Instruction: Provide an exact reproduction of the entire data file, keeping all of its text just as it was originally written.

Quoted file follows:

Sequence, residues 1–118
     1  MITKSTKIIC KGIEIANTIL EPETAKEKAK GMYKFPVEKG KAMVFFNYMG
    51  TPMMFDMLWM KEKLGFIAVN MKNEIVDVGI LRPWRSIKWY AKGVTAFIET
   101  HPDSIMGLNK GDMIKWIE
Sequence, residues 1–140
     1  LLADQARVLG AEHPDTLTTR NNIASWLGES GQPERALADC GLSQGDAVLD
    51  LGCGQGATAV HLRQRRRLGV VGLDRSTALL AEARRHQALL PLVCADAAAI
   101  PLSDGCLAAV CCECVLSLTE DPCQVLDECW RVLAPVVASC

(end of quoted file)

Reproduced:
Sequence, residues 1–118
     1  MITKSTKIIC KGIEIANTIL EPETAKEKAK GMYKFPVEKG KAMVFFNYMG
    51  TPMMFDMLWM KEKLGFIAVN MKNEIVDVGI LRPWRSIKWY AKGVTAFIET
   101  HPDSIMGLNK GDMIKWIE
Sequence, residues 1–140
     1  LLADQARVLG AEHPDTLTTR NNIASWLGES GQPERALADC GLSQGDAVLD
    51  LGCGQGATAV HLRQRRRLGV VGLDRSTALL AEARRHQALL PLVCADAAAI
   101  PLSDGCLAAV CCECVLSLTE DPCQVLDECW RVLAPVVASC